A fundamental principle of God's dealings with the human family is that He will not override the will of man in order to make unfaithful men faithful. The choice has always belonged to man to respond to God or to turn away from Him. It was true of Adam (Gen. 2:17, 3:3,6), of Abraham (Gen. 22:2,12,18), of Moses (Heb. 11:25-27), of the nation of Israel (Exod. 19:5, Deut. 30:19), of Christ (Matt. 26:39, Heb. 5:7,8); it is so now (Heb. 4:7,11, 10:26,38, 12:25), and it will be so in the Earthly Kingdom Age, as expressed in Rev. 22:17 RSV: "..e that will, let him take the water of life freely."
Ezekiel prophesied that the promised change would follow a cleansing process: "I will sprinkle clean water upon you." Peter had a moral cleansing in mind when, on the day of Pentecost, he urged the men of Israel, "Repent ye, and be baptized every one of you in the name of Jesus Christ unto the remission of your sins; and ye shall receive the gift of the holy spirit" (Acts 2:38 RSV). In this one sentence the vital steps toward a change in spirit are set forward. The first step: "Repent ye!" The Greek word metanoeo, #3340, means "to 'think differently' or to 'think afterwards,' i.e. 'reconsider' (mor. 'feel compunction)'"--Strong. Repentance is proof that the way to the mind is not closed.
The word of God is recognized as truth (John 17:17), and its preaching leads to one's acknowledgment of former disobedience and the humble request for God's forgiveness. This act of contrition is a sign that the mind has opened to the influence of God and that one is willing to act in accordance with the knowledge received. The next step is one of obedience: "...be baptized...in the name of Jesus Christ unto the remission of your sins..."
However, let us not think that the statement in Ezekiel, "I will sprinkle clean water upon you," refers to the literal water involved in the act of outward baptism. Rather, it refers to the cleansing by remission of sins through repentance and faith in Christ's atoning sacrifice. It is of this that 1 John 1:7,9 RSV promises: "...the blood of Jesus His Son cleanseth us from all sin...If we confess our sins, He is faithful and righteous to forgive us our sins, and to cleanse us from all unrighteousness." The 'filthiness' of Israel of which Ezekiel wrote was their unrighteousness.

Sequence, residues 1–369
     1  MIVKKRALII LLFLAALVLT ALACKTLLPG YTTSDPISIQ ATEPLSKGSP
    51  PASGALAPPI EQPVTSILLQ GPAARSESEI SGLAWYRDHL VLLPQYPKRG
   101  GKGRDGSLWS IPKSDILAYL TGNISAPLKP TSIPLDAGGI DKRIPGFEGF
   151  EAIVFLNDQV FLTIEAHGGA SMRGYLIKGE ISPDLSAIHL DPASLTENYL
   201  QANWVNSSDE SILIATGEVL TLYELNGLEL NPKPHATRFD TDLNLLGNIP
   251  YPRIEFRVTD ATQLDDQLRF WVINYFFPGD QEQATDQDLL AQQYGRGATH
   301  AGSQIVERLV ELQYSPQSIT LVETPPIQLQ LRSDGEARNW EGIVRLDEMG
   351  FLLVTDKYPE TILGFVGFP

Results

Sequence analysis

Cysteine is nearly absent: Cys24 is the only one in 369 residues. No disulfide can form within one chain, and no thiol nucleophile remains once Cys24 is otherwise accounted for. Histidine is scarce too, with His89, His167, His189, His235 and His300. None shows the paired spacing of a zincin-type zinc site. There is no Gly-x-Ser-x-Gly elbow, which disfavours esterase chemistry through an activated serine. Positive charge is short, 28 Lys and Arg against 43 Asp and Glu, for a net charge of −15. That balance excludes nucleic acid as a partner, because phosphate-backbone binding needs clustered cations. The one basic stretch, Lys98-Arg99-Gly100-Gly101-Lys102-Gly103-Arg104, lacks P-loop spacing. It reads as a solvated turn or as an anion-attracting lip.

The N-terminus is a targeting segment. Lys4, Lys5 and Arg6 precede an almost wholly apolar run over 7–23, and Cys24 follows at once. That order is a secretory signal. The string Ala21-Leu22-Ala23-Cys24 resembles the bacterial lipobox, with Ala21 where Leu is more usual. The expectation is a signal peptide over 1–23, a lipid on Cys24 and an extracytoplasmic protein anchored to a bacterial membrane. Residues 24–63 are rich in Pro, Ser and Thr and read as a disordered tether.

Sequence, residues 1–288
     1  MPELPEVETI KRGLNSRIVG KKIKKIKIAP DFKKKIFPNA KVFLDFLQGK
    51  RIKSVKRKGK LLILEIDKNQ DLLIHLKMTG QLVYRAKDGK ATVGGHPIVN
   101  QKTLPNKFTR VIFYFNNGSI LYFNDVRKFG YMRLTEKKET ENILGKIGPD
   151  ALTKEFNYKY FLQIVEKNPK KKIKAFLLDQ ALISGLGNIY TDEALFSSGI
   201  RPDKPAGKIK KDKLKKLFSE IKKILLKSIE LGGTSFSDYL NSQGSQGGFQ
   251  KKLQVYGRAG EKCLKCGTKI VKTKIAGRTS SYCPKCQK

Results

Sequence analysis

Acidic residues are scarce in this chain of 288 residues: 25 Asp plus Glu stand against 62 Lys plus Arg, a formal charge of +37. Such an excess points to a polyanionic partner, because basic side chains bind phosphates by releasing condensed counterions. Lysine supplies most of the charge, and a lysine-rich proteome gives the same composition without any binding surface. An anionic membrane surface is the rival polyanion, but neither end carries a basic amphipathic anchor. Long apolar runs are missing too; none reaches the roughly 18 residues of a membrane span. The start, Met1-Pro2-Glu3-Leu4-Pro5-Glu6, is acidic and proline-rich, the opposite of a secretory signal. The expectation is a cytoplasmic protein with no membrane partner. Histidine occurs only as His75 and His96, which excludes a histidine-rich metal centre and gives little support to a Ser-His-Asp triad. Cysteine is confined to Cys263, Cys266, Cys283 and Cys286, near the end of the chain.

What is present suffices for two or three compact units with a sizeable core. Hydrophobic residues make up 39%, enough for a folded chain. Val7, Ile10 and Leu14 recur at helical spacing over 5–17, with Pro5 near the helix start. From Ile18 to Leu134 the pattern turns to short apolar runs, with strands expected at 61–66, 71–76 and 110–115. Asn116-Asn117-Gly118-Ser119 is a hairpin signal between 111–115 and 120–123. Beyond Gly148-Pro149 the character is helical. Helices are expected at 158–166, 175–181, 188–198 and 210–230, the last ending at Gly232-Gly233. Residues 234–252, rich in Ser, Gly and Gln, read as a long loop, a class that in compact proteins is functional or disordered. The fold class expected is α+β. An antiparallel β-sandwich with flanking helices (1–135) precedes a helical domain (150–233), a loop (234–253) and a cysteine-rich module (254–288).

God's blessings are not forced upon any, but are received voluntarily through the meeting of conditions set down by God. And note the assurance that God's spirit is intended for us: "...and ye shall receive the gift of the holy spirit" (Acts 2:38 RSV). Its implanting in the believer depends upon his willingness to receive it. Quite understandably, God's cleansing of the believer from unrighteousness through the blood of Jesus Christ could not take place before Christ's blood was shed. Also dependent upon that was the giving of the holy spirit, which was shed forth by our resurrected Savior who had faithfully offered the propitiatory sacrifice.
Grace is the favor of God toward believers, and a principal manifestation of that grace is justification by faith. One receives justification when his "faith is counted for righteousness." "Blessed are they whose iniquities are forgiven, and whose sins are covered. Blessed is the man to whom the LORD will not impute sin" (Rom. 4:5,7,8). Justification is God's free gift.--Rom. 5:15-18